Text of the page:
When I saw Becky’s inspiring post earlier this week about the first Rainmaker’s Giving Circle meeting, I couldn’t help but throw in my two cents as well.
Like Becky, I was also struck by that meeting because it was such an indication of hope to see so many women gathered around the table that we had to scramble for chairs and space to squeeze everyone in.
Given the recession, I had been concerned that we’d have the opposite problem.
Instead, not only was the room packed with women who had, as Becky said, given serious thought to their commitments and decided to reaffirm their investments in The Women’s Foundation, the Rainmakers and our region’s women and girls, but the group was seriously committed to thinking through how to best invest their funds so that they would be of the greatest impact.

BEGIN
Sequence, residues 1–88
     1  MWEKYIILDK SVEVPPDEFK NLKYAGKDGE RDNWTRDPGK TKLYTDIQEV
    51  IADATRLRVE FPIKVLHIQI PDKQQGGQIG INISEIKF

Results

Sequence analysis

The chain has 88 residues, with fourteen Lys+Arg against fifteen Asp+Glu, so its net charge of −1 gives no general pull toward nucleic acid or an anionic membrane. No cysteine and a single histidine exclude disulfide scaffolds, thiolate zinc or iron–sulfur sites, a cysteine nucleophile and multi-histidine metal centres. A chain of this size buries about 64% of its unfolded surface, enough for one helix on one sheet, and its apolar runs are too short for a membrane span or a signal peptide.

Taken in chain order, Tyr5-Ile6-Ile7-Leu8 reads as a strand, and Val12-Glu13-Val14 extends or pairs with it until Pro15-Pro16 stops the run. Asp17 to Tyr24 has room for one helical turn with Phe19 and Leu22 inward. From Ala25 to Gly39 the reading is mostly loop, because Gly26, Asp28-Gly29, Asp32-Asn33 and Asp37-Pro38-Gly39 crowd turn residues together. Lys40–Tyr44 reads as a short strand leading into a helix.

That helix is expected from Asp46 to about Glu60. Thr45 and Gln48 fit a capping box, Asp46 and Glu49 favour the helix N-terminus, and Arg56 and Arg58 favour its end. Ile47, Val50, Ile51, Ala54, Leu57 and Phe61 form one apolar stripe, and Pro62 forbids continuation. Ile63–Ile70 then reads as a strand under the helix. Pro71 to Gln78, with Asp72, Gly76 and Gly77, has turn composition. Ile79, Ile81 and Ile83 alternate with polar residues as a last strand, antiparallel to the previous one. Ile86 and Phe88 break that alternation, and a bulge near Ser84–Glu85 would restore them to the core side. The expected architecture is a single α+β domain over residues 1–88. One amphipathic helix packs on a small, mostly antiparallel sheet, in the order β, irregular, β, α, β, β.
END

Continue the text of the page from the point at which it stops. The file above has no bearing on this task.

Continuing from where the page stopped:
As I sat and listened to the dialogue about how to best help nonprofits serving women and girls in this economic climate when increasing needs would make decision-making and prioritizing even tougher than in the past, I was struck not by the bad news that was at the core of the conversation, but by a sense of overwhelming hope.
For the conversation was not only an indication that women in our region are ready to continue to prioritize their investments in our region’s women and girls, but also that the wisdom, intelligence, thought and strategy that they put into how they invest will help ensure that funds invested in women and girls through women’s philanthropy, will, without a doubt, have a tremendous impact on our community.
Phyllis Caldwell is President of The Women’s Foundation.